You've Gotta Fight Back!: Winning with Serious Illness, Injury Or Disability
The heart of this book consists of thirteen, riveting, in-depth stories of people who fought back with courage, humor, and a positive attitude. In doing so, they have provided valuable guidance for you, the readers of thisinspiring work.The seriously ill, their friends and family will gainpriceless advice on coping, dealing with depression, how to partner with the medical profession, thetremendous value of self-help groups and the vitalimportance of attitude.Those with disabilities will learn how others havesuccessfully played the hand they were dealt and managedto live successful, fulfilling lives. The disabledand those with serious illnesses can learn from eachother. There are no silver bullets buried in these pages, just the sound, useable experience of others.Caregivers, be they family, friends, or health professionals will gain great insight from the in-depth stories of survivors, the bereaved, and thosewho died with grace and even style."This book helps sufferers and caregivers alike to make sense of their situation, to avoid the mistakes while copying the successful strategies of these very real people."
-Bob Rich, PhD, author of Cancer: A Personal Challenge
"Far from a mere theoretical discourse and despite its potentially morbid topic, it brims with life: real cases, real people, real triumphs over a variety of illnesses and the distress they cause. A treasure trove of celebratedstories of survival and passages from the memoirs of those who made it." -Sam Vaknin, PhD, author of Malignant Self Love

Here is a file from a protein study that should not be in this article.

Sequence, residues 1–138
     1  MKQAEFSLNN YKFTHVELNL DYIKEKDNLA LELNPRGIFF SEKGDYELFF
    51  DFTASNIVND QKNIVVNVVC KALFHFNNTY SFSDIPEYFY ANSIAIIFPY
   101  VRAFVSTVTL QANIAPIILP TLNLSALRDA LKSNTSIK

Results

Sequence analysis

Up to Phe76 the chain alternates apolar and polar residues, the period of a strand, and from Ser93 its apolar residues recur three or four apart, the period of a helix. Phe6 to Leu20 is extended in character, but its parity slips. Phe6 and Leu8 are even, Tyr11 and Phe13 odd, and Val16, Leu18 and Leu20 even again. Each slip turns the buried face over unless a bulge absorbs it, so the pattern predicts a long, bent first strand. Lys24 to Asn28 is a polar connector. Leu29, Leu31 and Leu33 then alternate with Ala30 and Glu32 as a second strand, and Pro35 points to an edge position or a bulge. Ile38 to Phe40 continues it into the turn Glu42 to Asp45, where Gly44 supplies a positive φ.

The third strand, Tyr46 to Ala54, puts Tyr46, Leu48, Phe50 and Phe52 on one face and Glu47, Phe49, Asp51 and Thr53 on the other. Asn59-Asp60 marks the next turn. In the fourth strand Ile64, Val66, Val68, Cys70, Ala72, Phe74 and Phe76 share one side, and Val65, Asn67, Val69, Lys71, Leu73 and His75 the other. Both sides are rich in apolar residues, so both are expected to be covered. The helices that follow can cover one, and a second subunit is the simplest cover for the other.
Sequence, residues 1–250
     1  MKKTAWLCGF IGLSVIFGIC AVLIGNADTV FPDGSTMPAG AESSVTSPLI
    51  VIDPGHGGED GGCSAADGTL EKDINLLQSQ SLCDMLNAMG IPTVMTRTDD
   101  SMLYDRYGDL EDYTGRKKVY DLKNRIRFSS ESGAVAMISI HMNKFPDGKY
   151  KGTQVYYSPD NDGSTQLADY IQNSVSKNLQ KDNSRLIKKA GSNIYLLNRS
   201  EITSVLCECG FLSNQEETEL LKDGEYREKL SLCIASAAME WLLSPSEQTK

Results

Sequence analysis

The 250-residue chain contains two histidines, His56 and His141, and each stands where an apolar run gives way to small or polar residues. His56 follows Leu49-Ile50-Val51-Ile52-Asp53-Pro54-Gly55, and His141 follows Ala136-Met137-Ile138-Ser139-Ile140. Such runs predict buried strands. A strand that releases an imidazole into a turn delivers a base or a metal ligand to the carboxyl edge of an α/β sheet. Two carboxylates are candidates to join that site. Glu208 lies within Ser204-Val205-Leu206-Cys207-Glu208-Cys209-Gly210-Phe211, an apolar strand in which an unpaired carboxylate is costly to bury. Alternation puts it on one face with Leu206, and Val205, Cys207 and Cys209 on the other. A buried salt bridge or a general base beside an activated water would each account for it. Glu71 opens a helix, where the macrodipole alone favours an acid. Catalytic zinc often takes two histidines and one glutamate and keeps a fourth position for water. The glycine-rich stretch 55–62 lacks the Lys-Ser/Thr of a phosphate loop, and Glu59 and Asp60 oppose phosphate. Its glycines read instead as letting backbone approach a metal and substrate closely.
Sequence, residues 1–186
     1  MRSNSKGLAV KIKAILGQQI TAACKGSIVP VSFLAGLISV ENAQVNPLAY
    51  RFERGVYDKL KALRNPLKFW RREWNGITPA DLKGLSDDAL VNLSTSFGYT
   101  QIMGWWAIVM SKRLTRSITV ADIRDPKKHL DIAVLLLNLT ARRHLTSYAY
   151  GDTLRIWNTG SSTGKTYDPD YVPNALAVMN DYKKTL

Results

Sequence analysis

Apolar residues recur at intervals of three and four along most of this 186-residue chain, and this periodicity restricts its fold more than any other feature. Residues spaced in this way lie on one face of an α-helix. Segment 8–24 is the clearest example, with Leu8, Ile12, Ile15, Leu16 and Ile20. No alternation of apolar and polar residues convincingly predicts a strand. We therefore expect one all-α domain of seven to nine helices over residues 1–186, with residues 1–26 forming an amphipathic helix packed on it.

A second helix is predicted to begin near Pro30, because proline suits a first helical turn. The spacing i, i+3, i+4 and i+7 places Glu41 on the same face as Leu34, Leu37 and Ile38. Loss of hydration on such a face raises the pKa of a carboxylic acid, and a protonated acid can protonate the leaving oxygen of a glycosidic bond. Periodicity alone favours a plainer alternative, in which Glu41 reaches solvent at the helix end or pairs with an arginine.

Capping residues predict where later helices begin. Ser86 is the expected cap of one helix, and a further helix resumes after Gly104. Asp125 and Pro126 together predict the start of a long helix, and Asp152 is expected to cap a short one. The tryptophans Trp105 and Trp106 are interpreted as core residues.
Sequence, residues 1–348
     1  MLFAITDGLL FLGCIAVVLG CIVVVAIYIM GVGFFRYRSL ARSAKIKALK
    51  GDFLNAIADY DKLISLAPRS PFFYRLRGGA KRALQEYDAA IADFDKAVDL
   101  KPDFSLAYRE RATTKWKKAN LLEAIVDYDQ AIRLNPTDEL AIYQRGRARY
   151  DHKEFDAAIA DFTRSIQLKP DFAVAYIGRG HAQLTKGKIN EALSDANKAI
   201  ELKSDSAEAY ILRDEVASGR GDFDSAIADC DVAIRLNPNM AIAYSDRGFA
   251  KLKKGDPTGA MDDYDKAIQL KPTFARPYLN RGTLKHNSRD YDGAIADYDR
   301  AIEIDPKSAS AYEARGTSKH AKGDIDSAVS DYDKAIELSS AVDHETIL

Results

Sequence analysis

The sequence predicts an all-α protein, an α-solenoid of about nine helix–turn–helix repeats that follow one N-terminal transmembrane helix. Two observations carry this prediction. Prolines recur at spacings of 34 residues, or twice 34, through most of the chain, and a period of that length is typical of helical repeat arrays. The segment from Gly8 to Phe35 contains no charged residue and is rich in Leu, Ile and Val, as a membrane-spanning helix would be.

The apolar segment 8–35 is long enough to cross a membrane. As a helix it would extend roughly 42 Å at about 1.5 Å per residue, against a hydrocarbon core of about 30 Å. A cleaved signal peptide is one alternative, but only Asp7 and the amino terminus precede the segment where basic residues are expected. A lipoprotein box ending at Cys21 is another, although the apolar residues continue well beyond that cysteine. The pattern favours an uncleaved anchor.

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addiction alcohol Alcoholics Anonymous Angeles Anne Annie Annie’s Aron Ralston asked became began Bill Bill’s California called caregiver Casa Colina Charlotte chemo chemotherapy couldn’t Craig dad’s death diagnosis didn’t Dirk disease doctor drugs Ed’s exercise experience feel felt fight back Frank Frank Morris friends Hamilton Jordan healing heart hospital human spirit illness injury Jackie kids knew later Lisa live long‐term looked Los Angeles Marion Maura Molly months mother move multiple myeloma Nancy recalls needed never night Nussbaum open‐heart Orange County Orange County Register organization pain patients Paul Paul’s person physical therapy physician problem prostate cancer quadriplegic rehab Robert McCrum Rog’s role self‐help groups sick sick role stay stem cell story surgery talk tell things tion told Tom’s took treatment Val’s ventilator walk wanted week wheelchair wrote
Page 1 - We cannot change our past . .. we cannot change the fact that people will act in a certain way. We cannot change the inevitable. The only thing we can do is play...
Page 1 - The remarkable thing is we have a choice every day regarding the attitude we will embrace for that day. We cannot change our past ... we cannot change the fact that people will act in a certain way. We cannot change the inevitable. The only thing we can do is play on the one string we have, and that is our attitude ... I am convinced that life is 10% what happens to me and 90% how I react to it. And so it is with you ... we are in charge of our attitudes.
Page 1 - Attitude, to me, is more important than the past, than education, than money, than circumstances, than failures, than successes, than what other people think or say or do. It is more important than appearance, giftedness or skill. It will make or break a company... a church... a home. The remarkable thing is we have a choice every day regarding the attitude we will embrace for that day.